The other explosion of savagery came when Seth Mitchell, a young, tank-like heavyweight and former football player (who actually looks to be in shape, with visible abs, almost unheard of in the uppermost weight class), took on "The Gentleman" Chazz Witherspoon, who introduced young Seth to an advanced boxing technique called "the ol' one-two": one jab to bring Mitchell's gloves up to the front of his face, and then, after a teeny step to the right, a hard downward right hand behind Mitchell's ear. Heavyweights have heads too big for any gloves to cover. Witherspoon nearly brought Mitchell down with these shots in the first round, which would have been goddamn amazing, but Mitchell hung on, and then started throwing left hooks which could, by my estimation, knock out a medium-sized ruminant—an antelope for sure, and perhaps an adolescent bison. Witherspoon caught one of these with his head in the third round, clung to the ropes, and the ref, perhaps chastened by Pietrantonio's brutal end, stopped the fight before the final smash could be applied. Mitchell cried. Witherspoon survived. It was civilized.
The national anthem was sung by Bunny Sigler, an achingly sappy Philly soul-lite guy with no neck, a red tie, and a bright white suit, like Valentine's Day at T.D. Jakes's church. Chad Dawson entered the ring to James Brown's "The Big Payback," a very astute song choice that did not save him from being showered with boos by the Philly Hopkins partisans. Dawson's own cheering section consisted of 10 loud guys from Connecticut, tightly clustered halfway up in the stands on one side of the ring. This, for the light heavyweight champion of the world.
Chad Dawson's charisma deficit is only his second-worst problem. The first is that, although he possesses every last physical attribute that a fighter could hope for—a tall, slim, well-muscled build, long arms, natural athleticism, and serious power—he fights with all of the urgency of a man who is not in a fight. Some boxers are deliberate because they are crafty, careful, and trying to make up for being physically overmatched. Chad Dawson is deliberate for no apparent reason. With his gifts, he could be racking up spectacular knockouts everywhere, using his reach and a jab to keep fighters back, then unleashing combos too copious to be withstood. Instead he stands around looking a lot. He's the best light heavyweight in the world. But he's not exciting, for reasons known only to Chad Dawson.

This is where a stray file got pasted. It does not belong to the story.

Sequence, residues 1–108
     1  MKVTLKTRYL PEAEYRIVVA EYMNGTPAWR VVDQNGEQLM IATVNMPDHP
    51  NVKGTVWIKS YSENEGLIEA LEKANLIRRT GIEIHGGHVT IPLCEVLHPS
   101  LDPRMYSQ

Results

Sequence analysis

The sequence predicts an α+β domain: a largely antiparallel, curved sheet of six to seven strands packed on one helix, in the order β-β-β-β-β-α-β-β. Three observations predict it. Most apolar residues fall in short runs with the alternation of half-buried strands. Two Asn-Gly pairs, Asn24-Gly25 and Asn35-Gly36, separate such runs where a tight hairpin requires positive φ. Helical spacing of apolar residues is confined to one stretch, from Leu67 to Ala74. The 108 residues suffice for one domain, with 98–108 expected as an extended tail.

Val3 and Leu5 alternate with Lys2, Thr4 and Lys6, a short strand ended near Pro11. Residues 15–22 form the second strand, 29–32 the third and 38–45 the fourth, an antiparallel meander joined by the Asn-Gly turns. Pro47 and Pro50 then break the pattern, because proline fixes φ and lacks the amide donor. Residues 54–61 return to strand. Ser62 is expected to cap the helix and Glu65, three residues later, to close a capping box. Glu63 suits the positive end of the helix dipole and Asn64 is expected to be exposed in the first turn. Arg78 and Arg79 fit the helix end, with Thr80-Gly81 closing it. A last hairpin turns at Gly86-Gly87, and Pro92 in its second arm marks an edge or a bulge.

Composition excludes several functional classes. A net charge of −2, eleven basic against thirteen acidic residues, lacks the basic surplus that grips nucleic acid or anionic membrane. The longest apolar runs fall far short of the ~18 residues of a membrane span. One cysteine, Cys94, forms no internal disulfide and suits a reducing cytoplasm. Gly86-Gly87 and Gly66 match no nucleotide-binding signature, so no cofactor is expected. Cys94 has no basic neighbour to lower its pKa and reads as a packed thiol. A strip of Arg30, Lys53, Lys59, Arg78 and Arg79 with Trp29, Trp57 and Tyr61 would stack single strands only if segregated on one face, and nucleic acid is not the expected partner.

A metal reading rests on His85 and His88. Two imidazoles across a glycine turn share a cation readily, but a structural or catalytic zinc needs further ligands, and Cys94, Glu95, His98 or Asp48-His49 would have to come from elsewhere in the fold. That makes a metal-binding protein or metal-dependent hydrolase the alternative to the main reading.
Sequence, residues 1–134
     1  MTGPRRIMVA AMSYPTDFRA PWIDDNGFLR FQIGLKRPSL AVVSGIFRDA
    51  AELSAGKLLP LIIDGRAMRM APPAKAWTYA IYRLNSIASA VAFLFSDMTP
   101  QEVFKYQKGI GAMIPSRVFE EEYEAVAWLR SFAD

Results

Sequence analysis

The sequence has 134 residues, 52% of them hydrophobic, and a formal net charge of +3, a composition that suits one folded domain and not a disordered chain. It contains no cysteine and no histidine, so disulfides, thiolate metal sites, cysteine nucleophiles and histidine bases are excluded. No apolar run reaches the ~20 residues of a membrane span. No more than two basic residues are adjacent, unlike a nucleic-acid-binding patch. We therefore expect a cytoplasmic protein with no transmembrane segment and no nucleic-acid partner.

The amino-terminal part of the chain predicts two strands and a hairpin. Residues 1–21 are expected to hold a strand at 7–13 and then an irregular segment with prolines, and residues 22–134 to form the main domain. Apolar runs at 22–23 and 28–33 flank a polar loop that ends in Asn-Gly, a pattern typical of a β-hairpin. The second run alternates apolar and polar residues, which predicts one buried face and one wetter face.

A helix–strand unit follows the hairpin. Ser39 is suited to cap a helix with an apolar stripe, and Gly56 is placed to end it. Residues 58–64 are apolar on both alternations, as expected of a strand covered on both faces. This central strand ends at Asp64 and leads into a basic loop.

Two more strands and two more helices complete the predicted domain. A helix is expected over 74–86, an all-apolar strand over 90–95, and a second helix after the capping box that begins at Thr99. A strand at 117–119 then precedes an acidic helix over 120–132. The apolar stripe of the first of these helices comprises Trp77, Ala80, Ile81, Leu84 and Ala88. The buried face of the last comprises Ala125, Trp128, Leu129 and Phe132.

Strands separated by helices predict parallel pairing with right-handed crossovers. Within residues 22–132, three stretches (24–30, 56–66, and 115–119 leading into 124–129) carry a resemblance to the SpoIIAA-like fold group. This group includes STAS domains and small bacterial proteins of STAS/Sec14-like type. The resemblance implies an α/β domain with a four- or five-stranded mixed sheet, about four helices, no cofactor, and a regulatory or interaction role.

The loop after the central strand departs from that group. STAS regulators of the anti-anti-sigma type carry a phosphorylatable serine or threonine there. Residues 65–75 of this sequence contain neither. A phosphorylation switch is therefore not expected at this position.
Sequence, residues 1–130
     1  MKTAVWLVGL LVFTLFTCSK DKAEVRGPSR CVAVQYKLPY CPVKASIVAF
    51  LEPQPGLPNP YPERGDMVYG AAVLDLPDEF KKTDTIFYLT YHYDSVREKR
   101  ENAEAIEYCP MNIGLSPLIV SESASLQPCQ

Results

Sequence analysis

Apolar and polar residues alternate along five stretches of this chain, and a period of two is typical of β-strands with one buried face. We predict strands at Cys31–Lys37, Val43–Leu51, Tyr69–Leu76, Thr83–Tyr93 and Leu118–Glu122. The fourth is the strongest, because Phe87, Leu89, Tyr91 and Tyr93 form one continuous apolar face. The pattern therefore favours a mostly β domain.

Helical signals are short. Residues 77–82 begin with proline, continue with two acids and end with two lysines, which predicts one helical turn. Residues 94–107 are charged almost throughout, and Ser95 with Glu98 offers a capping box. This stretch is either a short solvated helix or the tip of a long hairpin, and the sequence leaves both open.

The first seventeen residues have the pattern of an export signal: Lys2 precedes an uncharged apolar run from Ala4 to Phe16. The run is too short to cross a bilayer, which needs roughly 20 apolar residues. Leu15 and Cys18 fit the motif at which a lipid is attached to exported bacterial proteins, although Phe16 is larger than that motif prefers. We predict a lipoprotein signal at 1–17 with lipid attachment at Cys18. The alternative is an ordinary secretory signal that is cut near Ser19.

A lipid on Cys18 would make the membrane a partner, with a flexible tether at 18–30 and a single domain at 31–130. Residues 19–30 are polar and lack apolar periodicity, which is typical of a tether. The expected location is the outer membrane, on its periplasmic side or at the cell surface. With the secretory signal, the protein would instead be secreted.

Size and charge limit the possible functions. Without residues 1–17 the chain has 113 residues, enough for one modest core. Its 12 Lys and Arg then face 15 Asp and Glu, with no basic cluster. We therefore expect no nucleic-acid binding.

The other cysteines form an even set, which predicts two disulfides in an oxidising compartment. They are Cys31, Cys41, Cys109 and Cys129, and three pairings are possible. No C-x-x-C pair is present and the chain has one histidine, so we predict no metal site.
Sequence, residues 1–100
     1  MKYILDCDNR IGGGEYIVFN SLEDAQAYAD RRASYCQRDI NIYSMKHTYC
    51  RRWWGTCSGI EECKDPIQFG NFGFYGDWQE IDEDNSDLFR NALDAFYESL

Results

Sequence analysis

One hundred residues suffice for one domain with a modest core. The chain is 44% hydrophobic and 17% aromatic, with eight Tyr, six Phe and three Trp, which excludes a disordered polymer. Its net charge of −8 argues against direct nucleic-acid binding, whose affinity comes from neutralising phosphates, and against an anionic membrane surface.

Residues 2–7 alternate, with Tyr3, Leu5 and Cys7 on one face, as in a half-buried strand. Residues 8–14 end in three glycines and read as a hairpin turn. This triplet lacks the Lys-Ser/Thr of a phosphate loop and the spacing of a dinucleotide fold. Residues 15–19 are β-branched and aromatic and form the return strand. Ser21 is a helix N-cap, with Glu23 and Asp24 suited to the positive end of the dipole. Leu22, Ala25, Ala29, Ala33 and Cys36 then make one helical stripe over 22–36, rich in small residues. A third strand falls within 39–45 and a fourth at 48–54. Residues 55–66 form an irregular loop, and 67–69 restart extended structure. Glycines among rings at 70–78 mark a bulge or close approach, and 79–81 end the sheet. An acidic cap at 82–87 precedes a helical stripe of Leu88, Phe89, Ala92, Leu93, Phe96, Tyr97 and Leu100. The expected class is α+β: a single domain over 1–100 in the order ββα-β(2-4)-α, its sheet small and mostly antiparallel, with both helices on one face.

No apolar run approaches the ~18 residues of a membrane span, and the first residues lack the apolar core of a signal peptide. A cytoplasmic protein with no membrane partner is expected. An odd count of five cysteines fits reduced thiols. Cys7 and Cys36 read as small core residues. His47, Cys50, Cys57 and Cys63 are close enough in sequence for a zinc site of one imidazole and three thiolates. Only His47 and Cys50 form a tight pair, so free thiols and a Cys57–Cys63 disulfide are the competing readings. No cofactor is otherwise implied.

Hopkins does not have this problem. Hopkins is a far, far lighter puncher than Dawson—his jabs looked as if they wouldn't raise a bruise on the cheek of a newborn—but he always puts on a show. He struts. He gesticulates. When pushed, he tends to fly off into the ropes and then raise his arms to the ref in protestation like a wronged professional wrestler. Several times Hopkins ducked a Dawson hook, then turned on his heel, showed his back, and gave a little shoulder shake, walking away while sticking his tongue out. Hopkins is actually a dirty fighter—he grabbed behind the head, he hit Dawson in the nuts in several clenches, he even split open his opponent's eyebrow with a headbutt which was probably intentional—but we forgive him for all of it, because he puts on that show. And because he's 47. Fighting dirty is just another survival tactic. Fair game.